This moment that we are living through right now, is really rather extraordinary.
Tens of millions of us are sitting at home. We don’t have our military patroling the streets, threatening to shoot us if we don’t comply with the shelter-at-home directive. We are foregoing many activities that we love to do, and for an unknown period of time. Why?
The Atlantic summed it up nicely:
“We are witnessing people everywhere, acting mostly independently but all together, shutting our country down—a move that ensures millions will face a massive, incalculable economic hit—to give the weakest among us a better chance against the novel coronavirus. We are each sacrificing our daily routines—our gyms and coffee shops and offices—to keep health-care professionals from becoming overwhelmed.”
In my eyes, that makes every one of us a leader. We are stepping up to help and protect our community. And we feel it as a community. The grocery store that has set up sanitizing stations outside their doors, a neighbor that veers many feet off the sidewalk so as not to get too close to you, and so many other small steps we are all taking to keep each other safe.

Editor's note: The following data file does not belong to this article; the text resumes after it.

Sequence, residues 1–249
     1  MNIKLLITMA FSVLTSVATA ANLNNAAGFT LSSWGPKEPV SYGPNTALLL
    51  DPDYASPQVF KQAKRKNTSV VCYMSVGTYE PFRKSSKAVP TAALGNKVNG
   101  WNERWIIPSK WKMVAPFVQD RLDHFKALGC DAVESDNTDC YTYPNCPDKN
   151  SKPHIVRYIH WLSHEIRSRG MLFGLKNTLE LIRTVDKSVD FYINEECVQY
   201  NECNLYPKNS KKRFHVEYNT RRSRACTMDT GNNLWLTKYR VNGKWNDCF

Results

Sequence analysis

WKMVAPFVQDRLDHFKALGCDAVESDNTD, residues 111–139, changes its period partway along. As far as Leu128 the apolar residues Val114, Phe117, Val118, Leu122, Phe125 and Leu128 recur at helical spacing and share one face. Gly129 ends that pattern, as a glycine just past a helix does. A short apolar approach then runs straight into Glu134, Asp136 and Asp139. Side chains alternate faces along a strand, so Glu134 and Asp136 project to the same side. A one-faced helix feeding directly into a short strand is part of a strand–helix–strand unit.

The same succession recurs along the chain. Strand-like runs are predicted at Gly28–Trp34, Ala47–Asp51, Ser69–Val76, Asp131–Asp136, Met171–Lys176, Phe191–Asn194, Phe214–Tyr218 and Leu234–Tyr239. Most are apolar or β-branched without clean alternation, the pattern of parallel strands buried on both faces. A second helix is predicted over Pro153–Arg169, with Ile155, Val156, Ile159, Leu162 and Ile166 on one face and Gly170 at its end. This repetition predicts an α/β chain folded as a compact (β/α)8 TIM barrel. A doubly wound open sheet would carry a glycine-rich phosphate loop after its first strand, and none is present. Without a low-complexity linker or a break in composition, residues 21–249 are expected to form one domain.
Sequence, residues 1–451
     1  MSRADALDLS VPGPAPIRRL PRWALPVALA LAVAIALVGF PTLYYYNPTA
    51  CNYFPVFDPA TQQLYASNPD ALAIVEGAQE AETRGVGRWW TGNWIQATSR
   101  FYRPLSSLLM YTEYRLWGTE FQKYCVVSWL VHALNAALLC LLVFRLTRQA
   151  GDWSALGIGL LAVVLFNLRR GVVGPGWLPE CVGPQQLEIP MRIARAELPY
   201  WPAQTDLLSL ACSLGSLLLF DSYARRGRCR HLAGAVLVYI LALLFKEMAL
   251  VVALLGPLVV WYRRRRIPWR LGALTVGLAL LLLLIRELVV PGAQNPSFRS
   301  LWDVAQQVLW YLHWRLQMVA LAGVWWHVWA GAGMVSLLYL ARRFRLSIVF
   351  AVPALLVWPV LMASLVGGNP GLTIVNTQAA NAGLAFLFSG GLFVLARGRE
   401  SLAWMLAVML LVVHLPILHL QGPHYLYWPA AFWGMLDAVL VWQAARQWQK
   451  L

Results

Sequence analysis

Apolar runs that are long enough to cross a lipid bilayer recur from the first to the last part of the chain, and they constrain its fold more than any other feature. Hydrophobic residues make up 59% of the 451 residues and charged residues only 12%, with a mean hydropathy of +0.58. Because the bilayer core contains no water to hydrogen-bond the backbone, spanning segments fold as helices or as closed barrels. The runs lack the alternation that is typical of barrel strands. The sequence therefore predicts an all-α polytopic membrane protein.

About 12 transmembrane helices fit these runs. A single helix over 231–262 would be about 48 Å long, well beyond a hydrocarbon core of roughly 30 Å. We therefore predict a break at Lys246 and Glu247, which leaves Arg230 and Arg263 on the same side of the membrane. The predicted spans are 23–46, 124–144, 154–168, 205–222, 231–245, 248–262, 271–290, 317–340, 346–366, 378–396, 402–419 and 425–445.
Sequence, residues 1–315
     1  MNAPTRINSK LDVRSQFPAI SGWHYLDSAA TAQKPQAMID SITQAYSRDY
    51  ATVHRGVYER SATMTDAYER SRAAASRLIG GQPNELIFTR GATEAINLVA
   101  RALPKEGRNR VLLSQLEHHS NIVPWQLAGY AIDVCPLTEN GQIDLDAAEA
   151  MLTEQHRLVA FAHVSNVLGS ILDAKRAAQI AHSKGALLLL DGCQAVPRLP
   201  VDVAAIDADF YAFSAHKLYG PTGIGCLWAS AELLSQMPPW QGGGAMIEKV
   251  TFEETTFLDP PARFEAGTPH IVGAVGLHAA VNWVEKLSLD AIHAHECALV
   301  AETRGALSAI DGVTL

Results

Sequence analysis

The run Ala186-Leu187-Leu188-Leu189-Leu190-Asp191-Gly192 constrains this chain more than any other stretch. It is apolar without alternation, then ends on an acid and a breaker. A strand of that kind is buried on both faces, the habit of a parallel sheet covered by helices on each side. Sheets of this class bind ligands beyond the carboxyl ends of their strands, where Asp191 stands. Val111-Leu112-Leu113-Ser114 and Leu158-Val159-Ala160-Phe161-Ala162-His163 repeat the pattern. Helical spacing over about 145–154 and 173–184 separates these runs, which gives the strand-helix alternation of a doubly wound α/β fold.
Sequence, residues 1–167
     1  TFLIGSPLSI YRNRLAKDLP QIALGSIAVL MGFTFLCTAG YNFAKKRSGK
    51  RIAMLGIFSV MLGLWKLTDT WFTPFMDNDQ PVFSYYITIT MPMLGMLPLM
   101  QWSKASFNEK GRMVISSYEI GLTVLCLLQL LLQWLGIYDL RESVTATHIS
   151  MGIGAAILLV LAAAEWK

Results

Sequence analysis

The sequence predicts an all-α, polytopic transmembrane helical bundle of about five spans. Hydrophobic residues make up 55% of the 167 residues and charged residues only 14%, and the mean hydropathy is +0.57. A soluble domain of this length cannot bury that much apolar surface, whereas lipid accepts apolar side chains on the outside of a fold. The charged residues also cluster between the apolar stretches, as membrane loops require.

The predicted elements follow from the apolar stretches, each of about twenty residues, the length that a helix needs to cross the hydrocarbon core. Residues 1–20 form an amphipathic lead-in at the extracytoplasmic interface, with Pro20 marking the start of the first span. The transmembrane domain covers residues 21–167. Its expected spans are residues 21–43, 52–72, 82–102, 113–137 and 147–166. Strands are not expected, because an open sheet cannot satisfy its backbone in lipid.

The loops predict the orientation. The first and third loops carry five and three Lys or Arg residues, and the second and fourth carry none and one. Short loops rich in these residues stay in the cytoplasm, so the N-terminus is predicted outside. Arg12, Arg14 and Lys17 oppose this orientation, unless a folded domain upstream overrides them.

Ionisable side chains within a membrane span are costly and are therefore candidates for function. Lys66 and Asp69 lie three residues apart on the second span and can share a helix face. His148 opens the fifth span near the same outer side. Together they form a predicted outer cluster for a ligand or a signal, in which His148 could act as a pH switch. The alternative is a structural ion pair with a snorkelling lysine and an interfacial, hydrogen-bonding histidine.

It recalls this wonderful talk that I saw on TED Talks a while back. It’s a funny story about how one person irrevocably changed the life of another, and had no idea he had done so. Just like the person who won’t get infected with COVID-19 because you or I stayed home. We’ll never know.
Which brings me to the activism we are practicing at home right now. Whether you are writing postcards or sharing information on social media or something else, you are likely affecting people’s lives and don’t even know it. You may inspire them to take action and never know.
I encourage you all, as you sit at home, to take a moment and give yourselves a pat on the back for staying home. For positively affecting the lives of your fellow neighbors. For staying active politically and potentially influencing someone to take action. Without ever knowing it.
We are all leaders.
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Thanks TokyoSand beautiful
Thank you for the kind comment, Eileen.
This was awesome. Thanks!